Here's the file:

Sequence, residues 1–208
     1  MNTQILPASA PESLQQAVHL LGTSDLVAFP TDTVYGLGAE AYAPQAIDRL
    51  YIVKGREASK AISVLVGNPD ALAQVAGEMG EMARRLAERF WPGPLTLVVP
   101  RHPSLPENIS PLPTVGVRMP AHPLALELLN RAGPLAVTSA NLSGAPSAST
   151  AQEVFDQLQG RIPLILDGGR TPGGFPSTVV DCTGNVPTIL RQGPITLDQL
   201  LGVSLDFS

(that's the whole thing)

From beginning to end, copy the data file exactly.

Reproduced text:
Sequence, residues 1–208
     1  MNTQILPASA PESLQQAVHL LGTSDLVAFP TDTVYGLGAE AYAPQAIDRL
    51  YIVKGREASK AISVLVGNPD ALAQVAGEMG EMARRLAERF WPGPLTLVVP
   101  RHPSLPENIS PLPTVGVRMP AHPLALELLN RAGPLAVTSA NLSGAPSAST
   151  AQEVFDQLQG RIPLILDGGR TPGGFPSTVV DCTGNVPTIL RQGPITLDQL
   201  LGVSLDFS